Of all the blessings I’ve had this year, one of the greatest gifts was spending a couple of hours with my brother-in-law at an Amish horse auction. While the rest of the family headed to the apple orchards for fresh cider and warm donuts, Wayne and I headed to the county fairgrounds in my rural Wisconsin hometown.
We slid onto the cold, metal bleachers on this unseasonably cool late September day. I shoved my hands deep into the pockets of my one-shade-away-from-gawdy green jacket, and took a quick look around me. Clearly, I looked a bit out of place amongst the navy-clad Amish men that filled the unheated arena. My brother-in-law’s beard helped him fit in.
As each horse was led into the ring for their moment of show and tell, the auctioneer gave a brief description. These were all buggy-pulling horses, so we heard a lot of “Buggy broke. Can work as a single or double,” “Takes kids to school,” and “Traffic safe.” (See more descriptors below.) Young men named Uriah and Eli led their geldings and mares with pride and didn’t let their faces show either pride or disappointment with the sale price.
As I sat there eyeing the bidders as they nodded or waved their hats or scratched their beards, I was wrapped in a cloak of memories as warm as a wool coat. My mother and I loved to go to household auctions in the 70’s, and most of my first apartment, (especially the kitchen) was furnished with items purchased like this. I can still recall paying a crazy-high amount for my first ironing board because I’d gotten a bit swept up in the bidding.
Of course, this was long before there were rummage sales every weekend, or even estate sales. This was an era and place when a family laid out the contents of grandma’s house on tables spread over the lawn, and a circle formed as the auctioneer stepped onto a ladder and started the bidding.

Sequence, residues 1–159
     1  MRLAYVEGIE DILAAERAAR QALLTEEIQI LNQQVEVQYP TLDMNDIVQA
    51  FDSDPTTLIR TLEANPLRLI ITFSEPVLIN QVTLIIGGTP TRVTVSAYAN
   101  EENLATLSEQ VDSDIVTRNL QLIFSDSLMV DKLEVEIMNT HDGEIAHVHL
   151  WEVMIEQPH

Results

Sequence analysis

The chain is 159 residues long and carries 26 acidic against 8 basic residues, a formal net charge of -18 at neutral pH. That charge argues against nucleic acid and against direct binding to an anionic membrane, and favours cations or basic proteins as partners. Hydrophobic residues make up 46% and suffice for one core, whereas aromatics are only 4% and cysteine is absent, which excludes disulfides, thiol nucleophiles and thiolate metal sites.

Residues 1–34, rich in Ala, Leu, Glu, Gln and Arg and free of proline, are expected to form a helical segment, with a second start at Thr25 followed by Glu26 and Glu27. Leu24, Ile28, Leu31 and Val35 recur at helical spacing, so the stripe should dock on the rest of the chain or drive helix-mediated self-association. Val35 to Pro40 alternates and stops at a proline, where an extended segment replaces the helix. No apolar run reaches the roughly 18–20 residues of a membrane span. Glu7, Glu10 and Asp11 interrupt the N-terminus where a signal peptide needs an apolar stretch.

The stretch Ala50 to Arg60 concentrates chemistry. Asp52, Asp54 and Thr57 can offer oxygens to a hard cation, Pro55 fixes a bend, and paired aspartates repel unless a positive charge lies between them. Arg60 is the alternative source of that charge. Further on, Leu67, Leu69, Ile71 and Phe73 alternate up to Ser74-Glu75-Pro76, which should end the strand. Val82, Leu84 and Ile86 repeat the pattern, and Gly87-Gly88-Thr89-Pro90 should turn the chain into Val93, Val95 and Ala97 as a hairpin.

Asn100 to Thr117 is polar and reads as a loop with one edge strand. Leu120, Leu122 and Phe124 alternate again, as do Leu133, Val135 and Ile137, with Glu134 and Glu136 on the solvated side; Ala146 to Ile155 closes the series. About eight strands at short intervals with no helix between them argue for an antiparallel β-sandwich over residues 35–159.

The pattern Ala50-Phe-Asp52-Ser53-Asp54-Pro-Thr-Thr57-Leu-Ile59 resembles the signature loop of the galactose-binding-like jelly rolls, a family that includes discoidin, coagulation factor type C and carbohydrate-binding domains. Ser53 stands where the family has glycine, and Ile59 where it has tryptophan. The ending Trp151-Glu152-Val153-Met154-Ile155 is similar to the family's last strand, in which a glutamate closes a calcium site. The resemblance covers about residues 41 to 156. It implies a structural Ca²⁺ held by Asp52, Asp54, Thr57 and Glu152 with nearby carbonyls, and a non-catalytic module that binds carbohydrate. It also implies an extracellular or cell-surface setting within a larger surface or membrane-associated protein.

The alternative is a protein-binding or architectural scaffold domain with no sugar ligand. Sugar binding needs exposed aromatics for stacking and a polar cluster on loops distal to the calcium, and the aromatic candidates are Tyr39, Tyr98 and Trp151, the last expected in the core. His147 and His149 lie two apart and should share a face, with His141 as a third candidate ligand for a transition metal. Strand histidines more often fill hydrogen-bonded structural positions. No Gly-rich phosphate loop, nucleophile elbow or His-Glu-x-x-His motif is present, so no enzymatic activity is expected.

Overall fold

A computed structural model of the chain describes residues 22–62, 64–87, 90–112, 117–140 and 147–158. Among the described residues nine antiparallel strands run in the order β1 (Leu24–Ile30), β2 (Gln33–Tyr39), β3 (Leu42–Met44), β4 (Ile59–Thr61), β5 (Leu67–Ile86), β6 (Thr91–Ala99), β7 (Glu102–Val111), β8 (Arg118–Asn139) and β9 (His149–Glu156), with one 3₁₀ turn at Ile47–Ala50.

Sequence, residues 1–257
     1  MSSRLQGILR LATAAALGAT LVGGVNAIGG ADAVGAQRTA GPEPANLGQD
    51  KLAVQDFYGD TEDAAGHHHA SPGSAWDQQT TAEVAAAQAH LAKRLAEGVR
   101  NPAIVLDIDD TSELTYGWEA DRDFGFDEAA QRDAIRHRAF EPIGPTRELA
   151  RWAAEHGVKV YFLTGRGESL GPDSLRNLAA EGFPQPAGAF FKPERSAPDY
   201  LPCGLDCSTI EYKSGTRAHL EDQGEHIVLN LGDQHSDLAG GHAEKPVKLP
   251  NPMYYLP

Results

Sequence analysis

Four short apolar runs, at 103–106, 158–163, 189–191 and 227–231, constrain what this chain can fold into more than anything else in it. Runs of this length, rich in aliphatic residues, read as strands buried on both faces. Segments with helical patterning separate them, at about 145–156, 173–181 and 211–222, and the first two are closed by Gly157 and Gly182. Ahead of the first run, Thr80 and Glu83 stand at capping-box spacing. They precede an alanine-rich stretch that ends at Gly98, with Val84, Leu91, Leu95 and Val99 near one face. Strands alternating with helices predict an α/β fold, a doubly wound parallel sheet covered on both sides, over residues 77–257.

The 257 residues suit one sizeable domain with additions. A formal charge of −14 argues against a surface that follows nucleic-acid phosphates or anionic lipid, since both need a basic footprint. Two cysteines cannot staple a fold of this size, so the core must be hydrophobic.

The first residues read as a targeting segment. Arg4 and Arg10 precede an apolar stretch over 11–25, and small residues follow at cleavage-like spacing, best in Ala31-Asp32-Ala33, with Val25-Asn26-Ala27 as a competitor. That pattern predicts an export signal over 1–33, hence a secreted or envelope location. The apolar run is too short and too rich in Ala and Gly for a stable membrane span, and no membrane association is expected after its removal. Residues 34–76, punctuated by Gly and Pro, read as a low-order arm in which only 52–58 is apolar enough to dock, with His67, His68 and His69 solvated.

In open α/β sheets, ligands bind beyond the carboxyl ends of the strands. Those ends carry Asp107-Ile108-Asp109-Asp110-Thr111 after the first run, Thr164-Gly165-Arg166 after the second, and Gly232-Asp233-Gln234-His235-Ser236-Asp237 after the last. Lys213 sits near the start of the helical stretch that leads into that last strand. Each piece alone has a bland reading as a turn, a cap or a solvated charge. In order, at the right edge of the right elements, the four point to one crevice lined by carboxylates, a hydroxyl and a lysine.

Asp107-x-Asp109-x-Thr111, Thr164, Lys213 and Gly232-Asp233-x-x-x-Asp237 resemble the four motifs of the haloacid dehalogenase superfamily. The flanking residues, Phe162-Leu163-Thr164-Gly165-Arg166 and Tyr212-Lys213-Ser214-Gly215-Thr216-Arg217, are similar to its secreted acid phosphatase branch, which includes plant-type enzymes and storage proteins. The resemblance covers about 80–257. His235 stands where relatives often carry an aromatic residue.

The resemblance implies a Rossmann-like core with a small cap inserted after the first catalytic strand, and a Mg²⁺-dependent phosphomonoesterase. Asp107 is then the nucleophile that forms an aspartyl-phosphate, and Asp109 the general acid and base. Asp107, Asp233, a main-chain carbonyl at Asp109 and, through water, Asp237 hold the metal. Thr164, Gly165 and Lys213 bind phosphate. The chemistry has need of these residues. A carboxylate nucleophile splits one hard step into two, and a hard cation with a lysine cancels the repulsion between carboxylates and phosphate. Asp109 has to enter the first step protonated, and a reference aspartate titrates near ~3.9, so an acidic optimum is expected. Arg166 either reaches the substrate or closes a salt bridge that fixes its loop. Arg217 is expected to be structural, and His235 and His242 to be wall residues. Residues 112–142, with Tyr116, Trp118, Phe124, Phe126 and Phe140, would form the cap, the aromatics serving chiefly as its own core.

My mother and I made a game of it. We’d confer on what we wanted, agree on a maximum price, and place ourselves across from each other so we could scope out the opposing bidders. Would they stay with the item and bid high, or bow out soon? Once, the auctioneer (who knew us) stopped the bidding to tell us we were the only two bidders left, and wondered if we really just wanted to drive the price up. We’d gotten our signals crossed, and it was a good laugh for everyone. This was mother-daughter fun for us, and to this day, I absolutely love auctions.
I have to confess, at the horse auction, I did a mental inventory of my nieces and nephews, trying to figure out who might like a horse. I was itching to bid, but managed to keep my hands in my pockets. Of course, I wasn’t buying a horse. The memories were enough.
Earlier this fall, I overheard my ninety-year old neighbor reminiscing with one of his friends. “We’re lucky we have such good memories.”
As I sat at that horse auction on that gray, cold, Friday, I felt a lump in my throat, and thought the same thing. How thankful I am to have such fun and unique memories.
Wishing you a wonderful Thanksgiving and hoping you have memories you are grateful for.
These were taken from the program listing the horse up for auction. Frankly, I feel I’m part horse!
“Not 100% sound, all trot, high strung, sometimes has a sticky starter.” (I don’t even want to know what a sticky starter is.)
“Feet get sore from running on hard surfaces.” (Whose don’t?)
“Sound, mostly traffic safe, looks at odd things along the road. Women can drive.” (Hey, I like to look at odd things along the road as well!)